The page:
Medicaid coverage for new moms gaining support in GOP states
WASHINGTON (AP) — After years of refusing to expand Medicaid benefits for new moms, Republican officials in more than a half-dozen states are now reversing course and trumpeting that coverage as central to their conservative, anti-abortion agenda.
The shift in GOP support for postpartum Medicaid coverage is occurring in some states that have severely limited or outlawed abortion access since the Supreme Court overturned the constitutional right to an abortion last June. The effort also comes as federal protections guaranteeing people stay continuously enrolled in Medicaid during the COVID-19 pandemic is set to expire in a few weeks.
Deep-red Mississippi on Tuesday became the latest state to require Medicaid to provide a full year of coverage for low-income mothers after giving birth. Days earlier, Republican Gov. Tate Reeves declared the policy was part of the state’s “new pro-life agenda.”
Extended postpartum coverage had been rejected three times by the state’s lawmakers since 2021 but a push for the measure succeeded after most abortions became illegal in Mississippi, following the U.S. Supreme Court’s ruling.
In Wyoming, where an abortion ban remains in legal limbo, Republican Gov. Mark Gordon echoed a similar refrain when he signed a bill extending postpartum Medicaid coverage into law on Friday, calling it a “signature piece of pro-life legislation.”
The Biden administration is encouraging all states to extend postpartum Medicaid coverage to a full year, Centers for Medicare and Medicaid Services Administrator Chiquita Brooks-LaSure said in a statement.
“Postpartum care is crucial for the health and wellbeing of women, and can have benefits for their babies and their growing families," she said. “In addition to comprehensive pregnancy and postpartum care, reproductive health care is essential to support the health of women and families.”
Republicans, however, have long criticized efforts to expand Medicaid, a taxpayer funded program that provides health care coverage to roughly 84 million of the country’s poorest people.
Roughly 40% of births are covered by Medicaid, and states are required to keep women enrolled for up to two months after giving birth. Most states have already extended Medicaid coverage, guaranteeing access to the program for up to a year after a woman gives birth.
That coverage can be crucial in a country where maternal deaths — many of which occur in the days or months following a delivery — are rising. Research has found that women are less likely to be hospitalized during the postpartum period if they live in a state that has broaden Medicaid coverage to those with slightly higher incomes.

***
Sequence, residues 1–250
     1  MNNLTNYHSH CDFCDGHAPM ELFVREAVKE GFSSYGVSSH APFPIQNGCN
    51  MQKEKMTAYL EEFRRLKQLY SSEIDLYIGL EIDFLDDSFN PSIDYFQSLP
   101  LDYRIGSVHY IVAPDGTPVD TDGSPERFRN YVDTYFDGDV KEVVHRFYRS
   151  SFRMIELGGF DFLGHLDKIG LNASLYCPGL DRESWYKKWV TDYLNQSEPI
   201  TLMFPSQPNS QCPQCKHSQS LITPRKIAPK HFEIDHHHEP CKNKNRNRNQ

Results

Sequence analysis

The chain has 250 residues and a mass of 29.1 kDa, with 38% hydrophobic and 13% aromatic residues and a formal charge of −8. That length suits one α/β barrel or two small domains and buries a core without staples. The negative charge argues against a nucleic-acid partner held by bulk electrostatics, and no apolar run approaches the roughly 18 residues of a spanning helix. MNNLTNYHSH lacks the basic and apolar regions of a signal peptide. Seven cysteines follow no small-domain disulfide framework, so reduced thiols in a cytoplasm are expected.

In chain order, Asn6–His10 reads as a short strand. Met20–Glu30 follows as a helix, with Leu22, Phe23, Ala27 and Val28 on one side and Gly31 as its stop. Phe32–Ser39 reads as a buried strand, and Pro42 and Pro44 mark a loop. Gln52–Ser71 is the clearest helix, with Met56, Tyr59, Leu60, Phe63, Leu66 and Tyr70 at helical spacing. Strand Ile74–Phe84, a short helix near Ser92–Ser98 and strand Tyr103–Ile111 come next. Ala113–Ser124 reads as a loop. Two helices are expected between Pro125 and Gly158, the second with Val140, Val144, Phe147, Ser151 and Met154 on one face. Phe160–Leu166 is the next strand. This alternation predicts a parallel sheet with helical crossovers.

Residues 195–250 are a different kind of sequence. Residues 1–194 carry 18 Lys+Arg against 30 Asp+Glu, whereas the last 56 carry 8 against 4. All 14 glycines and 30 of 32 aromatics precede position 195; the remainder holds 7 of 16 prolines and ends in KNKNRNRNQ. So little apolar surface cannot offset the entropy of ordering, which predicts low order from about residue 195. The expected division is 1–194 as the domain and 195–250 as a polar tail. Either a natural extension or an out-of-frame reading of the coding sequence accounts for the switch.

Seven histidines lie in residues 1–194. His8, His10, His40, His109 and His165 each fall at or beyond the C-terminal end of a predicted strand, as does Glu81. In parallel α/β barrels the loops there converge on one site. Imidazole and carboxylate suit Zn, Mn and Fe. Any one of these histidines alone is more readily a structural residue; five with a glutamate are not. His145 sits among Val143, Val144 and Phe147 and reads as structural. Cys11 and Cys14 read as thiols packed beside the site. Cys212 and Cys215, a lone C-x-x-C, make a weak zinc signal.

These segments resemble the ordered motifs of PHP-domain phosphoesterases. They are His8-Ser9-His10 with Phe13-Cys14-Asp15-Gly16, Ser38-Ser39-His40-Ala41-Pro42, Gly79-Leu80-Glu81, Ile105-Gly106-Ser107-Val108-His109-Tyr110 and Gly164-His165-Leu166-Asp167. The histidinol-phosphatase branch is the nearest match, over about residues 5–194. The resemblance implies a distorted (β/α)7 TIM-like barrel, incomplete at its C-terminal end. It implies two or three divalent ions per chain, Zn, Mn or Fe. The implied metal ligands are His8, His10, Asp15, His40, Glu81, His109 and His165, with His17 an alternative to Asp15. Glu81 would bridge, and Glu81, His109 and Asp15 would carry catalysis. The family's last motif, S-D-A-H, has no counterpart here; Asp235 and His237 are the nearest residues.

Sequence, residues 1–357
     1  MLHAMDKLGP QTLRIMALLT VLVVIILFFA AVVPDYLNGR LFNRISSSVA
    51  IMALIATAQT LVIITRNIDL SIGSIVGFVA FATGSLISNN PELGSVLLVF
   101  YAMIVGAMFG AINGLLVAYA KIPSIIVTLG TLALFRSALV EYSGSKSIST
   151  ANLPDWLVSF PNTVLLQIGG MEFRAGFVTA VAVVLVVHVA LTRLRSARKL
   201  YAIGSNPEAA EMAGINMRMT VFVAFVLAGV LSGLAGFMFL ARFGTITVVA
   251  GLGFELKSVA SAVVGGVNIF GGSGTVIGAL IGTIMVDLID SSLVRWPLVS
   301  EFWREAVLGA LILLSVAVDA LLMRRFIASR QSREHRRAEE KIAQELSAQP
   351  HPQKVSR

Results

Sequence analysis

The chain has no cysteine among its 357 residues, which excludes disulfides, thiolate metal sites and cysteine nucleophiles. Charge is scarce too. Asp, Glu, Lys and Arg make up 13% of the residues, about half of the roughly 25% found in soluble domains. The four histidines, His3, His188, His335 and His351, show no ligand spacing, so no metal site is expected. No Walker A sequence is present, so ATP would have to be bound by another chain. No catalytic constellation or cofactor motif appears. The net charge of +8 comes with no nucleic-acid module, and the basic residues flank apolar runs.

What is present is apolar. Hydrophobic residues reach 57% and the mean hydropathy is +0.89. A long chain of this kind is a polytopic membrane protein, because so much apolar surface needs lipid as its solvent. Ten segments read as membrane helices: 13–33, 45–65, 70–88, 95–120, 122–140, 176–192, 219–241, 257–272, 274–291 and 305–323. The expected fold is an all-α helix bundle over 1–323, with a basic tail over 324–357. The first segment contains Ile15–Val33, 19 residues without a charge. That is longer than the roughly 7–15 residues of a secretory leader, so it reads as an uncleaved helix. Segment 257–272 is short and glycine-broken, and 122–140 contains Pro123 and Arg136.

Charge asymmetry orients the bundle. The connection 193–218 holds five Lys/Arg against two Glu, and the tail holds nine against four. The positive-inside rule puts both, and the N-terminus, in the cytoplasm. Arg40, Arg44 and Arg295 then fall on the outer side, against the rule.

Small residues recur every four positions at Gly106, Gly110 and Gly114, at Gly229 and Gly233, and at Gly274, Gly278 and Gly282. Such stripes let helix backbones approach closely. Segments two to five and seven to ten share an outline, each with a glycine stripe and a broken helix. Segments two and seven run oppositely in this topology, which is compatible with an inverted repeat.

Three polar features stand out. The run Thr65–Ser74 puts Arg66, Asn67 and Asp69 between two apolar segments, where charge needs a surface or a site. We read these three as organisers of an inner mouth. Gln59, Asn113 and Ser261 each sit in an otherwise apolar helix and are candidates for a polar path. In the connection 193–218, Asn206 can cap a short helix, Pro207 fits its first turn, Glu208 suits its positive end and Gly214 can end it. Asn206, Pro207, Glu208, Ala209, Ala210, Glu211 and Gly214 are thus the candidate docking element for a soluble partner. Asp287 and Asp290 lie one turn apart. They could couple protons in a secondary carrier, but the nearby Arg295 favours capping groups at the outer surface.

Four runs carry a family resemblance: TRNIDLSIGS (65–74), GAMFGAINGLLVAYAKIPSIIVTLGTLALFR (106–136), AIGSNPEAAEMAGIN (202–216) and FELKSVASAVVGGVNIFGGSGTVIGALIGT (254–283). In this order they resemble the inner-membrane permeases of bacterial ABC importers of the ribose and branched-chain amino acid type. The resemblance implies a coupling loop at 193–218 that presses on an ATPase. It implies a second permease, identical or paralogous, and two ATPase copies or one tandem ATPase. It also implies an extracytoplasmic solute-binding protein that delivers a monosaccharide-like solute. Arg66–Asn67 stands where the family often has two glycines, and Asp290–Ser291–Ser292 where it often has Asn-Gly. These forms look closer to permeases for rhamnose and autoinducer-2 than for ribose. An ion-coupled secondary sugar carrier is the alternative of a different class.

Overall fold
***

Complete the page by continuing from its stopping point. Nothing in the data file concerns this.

Mothers who are cut off from Medicaid after 60 days might not only lose access to their insurance, but the doctors they developed relationships with throughout their pregnancy as well, noted Laura Wherry, a New York University economics professor who researches Medicaid expansion.
“A lot of those maternal deaths occur after this period when pregnancy Medicaid coverage ends," Wherry said. “There are a number of different ways that expanding coverage could effect women and their health outcomes and their mortality outcomes.”
But 13 states have held out on expanding postpartum coverage for up to a year, a decision that has been met with intensified criticism when some of those states restricted or banned abortions last year.
Texas, Wisconsin, Missouri, Iowa, Idaho and South Dakota are among the states that have mostly banned abortion and only offer women 60 days of postpartum Medicaid coverage.
Wisconsin's Democratic Gov. Tony Evers' proposed a budget last month that would extend the postpartum coverage period to a year, but the Republican-controlled Legislature has expressed little interest in supporting the plan.
Republicans in other states, however, are now quickly pushing to expand the coverage.
South Dakota Gov. Kristi Noem, a Republican who has long opposed expanding the income eligibility threshold for Medicaid to those who make up to $18,800 annually, announced in February that she'd seek to extend the postpartum Medicaid coverage period to 12 months.
In Alaska, where abortion is still legal, Republican Gov. Mike Dunleavy introduced legislation earlier this year that would do the same. Meanwhile, Idaho state representative Megan Blanksma, a Republican, proposed a similar law for her state in February.
Last week, Missouri's Senate signed off on a plan to expand the postpartum coverage for a year. The bill will now be considered by the House.
The proposal would have had little support from Republican Senate Majority Leader Cindy O’Laughlin in years past, the lawmaker told reporters just last week.
“Prior to now I would have probably said, `I don’t want to expand welfare,’” O’Laughlin said. But she's since changed her to tune saying that without Medicaid coverage, the "person that might suffer the most would be the child or the children.”
Associated Press reporters David A. Lieb in Jefferson City, Missouri; Mead Gruver in Cheyenne, Wyoming; Michael Goldberg in Jackson, Mississippi; Rebecca Boone in Boise, Idaho; Scott Bauer in Madison, Wisconsin; Becky Bohrer in Juneau and Amancai Biraben in Pierre, South Dakota contributed to this report.